Read The Boyfriend Sessions Online
Authors: Belinda Williams
Please take your seats. The journey to happiness may involve some turbulence.
Christa Morrison has commitment issues, a fact that quickly becomes apparent after she flees a romantic proposal in Paris, the thunder of impending wedding bells ringing in her ears. Back in Sydney, she turns to her closest friends for reassurance. Instead they offer her a startling and painful diagnosis: she’s a relationship junkie. The cure? An extreme rehabilitation program guaranteed to reform even the most L-word illiterate.
With her girlfriends along for the ride, Christa commits to their radical plan and the chances of recovery look good. The only problem is Max Spencer. The one guy Christa—and her friends—never expected her to fall for. But he’s proving to be a temptation she may not have the willpower to resist ...
For a shot at happiness, is being with Max worth betraying her friends? And will Christa have the strength to trust her heart when her colorful relationship history comes back to haunt her?
It might just be enough to make a poor girl leave the country (again).
To my husband. I’m so glad we met young.
And to girlfriends everywhere.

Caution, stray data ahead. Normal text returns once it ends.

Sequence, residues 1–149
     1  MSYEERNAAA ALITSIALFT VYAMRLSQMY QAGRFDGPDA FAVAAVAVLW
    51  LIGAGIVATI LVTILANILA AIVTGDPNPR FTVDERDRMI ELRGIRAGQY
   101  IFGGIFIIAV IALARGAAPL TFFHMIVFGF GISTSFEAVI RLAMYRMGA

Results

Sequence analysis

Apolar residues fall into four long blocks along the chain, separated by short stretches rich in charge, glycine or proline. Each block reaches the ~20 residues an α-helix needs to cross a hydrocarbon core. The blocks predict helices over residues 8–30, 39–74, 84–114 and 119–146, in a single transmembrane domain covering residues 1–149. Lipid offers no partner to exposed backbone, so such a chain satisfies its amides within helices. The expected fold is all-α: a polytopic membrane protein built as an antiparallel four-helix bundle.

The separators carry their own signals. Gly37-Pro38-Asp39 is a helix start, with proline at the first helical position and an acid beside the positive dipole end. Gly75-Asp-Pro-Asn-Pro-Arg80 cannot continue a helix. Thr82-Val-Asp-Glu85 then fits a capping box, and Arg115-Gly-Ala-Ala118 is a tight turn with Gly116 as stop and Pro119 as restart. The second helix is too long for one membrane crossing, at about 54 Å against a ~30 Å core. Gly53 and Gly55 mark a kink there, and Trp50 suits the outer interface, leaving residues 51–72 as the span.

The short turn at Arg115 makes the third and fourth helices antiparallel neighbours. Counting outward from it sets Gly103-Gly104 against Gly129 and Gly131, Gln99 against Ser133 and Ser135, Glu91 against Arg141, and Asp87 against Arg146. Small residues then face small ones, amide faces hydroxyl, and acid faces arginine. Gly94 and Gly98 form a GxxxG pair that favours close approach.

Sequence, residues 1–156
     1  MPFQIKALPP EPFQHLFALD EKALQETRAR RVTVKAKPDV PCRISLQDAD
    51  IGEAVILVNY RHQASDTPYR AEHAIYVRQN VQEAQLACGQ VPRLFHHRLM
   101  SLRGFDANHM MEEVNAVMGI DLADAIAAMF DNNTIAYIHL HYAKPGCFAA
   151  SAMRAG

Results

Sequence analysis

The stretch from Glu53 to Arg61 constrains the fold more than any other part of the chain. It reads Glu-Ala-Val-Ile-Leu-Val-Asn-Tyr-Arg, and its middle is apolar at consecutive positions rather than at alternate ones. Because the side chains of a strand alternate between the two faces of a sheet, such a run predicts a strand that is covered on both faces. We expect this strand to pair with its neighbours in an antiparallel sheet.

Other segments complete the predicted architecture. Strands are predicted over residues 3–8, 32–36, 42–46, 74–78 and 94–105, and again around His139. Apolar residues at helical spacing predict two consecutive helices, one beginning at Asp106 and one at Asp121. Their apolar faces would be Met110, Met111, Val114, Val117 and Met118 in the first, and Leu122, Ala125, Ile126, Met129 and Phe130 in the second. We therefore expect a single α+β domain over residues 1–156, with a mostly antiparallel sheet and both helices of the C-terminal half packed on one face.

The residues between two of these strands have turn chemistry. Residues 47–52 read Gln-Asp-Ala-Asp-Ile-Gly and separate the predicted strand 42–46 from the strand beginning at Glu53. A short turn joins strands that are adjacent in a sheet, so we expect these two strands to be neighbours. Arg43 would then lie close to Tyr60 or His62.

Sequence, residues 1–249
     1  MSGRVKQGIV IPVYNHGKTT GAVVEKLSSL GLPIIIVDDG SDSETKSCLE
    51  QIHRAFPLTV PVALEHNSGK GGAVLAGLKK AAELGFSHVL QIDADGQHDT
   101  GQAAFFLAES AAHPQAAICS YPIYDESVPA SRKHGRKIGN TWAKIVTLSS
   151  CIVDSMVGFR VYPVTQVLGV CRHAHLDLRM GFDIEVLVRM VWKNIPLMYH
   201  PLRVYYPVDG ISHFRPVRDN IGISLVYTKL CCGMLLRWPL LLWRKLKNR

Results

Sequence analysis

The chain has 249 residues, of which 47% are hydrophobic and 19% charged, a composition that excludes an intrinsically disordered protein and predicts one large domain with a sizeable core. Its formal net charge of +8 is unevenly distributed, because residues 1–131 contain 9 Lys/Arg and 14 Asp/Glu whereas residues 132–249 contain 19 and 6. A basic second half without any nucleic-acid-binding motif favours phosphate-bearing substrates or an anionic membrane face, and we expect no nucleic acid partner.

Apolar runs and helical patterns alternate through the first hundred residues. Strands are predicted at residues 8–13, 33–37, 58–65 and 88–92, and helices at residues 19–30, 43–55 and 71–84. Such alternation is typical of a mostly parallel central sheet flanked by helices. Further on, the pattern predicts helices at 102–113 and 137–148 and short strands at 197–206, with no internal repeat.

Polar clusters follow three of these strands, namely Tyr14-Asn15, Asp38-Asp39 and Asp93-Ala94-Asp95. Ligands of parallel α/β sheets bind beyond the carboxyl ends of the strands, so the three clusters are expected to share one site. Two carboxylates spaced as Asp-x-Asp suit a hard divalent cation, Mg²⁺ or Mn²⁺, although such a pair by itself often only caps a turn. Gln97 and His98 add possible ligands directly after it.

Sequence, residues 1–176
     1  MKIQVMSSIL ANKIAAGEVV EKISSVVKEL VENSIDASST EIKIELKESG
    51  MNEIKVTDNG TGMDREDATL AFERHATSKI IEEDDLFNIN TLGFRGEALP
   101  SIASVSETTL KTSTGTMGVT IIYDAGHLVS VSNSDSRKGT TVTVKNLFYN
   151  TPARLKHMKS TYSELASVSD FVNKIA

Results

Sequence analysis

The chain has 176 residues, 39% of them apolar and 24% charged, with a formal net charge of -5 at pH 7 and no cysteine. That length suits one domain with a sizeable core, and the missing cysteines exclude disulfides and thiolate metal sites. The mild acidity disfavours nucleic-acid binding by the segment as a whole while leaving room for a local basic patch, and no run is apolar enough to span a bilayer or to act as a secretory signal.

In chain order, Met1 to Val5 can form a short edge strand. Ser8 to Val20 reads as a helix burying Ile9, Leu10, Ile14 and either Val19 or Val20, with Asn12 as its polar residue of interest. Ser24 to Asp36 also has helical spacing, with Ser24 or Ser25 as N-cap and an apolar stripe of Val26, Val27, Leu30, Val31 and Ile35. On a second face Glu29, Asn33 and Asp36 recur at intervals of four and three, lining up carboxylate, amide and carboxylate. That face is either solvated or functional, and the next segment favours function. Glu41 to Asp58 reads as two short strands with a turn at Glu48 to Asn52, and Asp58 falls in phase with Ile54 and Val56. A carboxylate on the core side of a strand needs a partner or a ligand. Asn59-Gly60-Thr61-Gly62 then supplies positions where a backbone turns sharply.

Don't allow your wounds
to transform you into someone you are not
Only I could ruin Paris.
The city of lights, culture and romance. Cuisine to die for, not to mention a patisserie on every corner peddling unending varieties of chocolate delicacies—another reason I had to get out. I was intoxicated to distraction.
Or was that destruction?
It wasn’t just the sights or the food that had captured my heart and resulted in a week-long stay in Paris extending to more than a month and a half. My dedication to fully immersing myself in the Parisian culture also included one Benjamin Renard.
The first thing I noticed about Ben when we met were his unashamedly striking eyes, contrasted by a mess of dark hair and permanent five o’clock shadow. Those bright, violet-blue eyes still haunted me.
I heard his voice in my head. “Christa.”
Soft, deep and unmistakably French, it sent my heart racing. With that thought, the rest of the painful night flooded my thoughts.
“You are probably wondering why I’ve brought you here again.”
Two nights ago, Ben and I enjoyed a casual dinner at one of our favorite restaurants in the Beaugrenelle district, not far from his apartment. Afterwards, he suggested a walk. It wasn’t an unusual way for us to spend a night out in Paris, so I thought nothing of our late night meanderings until we found ourselves standing under the Eiffel Tower.